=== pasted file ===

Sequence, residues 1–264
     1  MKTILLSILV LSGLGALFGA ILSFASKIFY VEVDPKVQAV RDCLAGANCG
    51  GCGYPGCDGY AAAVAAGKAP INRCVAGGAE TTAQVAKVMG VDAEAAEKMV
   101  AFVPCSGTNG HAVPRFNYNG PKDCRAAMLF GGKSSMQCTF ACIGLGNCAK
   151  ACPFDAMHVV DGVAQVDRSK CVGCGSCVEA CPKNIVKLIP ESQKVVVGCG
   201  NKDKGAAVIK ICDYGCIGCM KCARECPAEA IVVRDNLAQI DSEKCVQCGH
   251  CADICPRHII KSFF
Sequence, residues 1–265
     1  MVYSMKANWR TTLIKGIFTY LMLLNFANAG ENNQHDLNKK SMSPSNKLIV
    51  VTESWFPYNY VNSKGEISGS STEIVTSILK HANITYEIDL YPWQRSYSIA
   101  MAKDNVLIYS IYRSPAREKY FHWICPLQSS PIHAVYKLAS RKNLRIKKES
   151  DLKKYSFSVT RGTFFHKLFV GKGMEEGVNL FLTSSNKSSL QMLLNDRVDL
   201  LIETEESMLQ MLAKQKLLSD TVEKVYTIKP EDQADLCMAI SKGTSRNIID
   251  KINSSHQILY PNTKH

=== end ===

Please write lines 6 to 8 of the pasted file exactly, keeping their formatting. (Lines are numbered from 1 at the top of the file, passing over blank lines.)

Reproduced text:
   201  NKDKGAAVIK ICDYGCIGCM KCARECPAEA IVVRDNLAQI DSEKCVQCGH
   251  CADICPRHII KSFF
Sequence, residues 1–265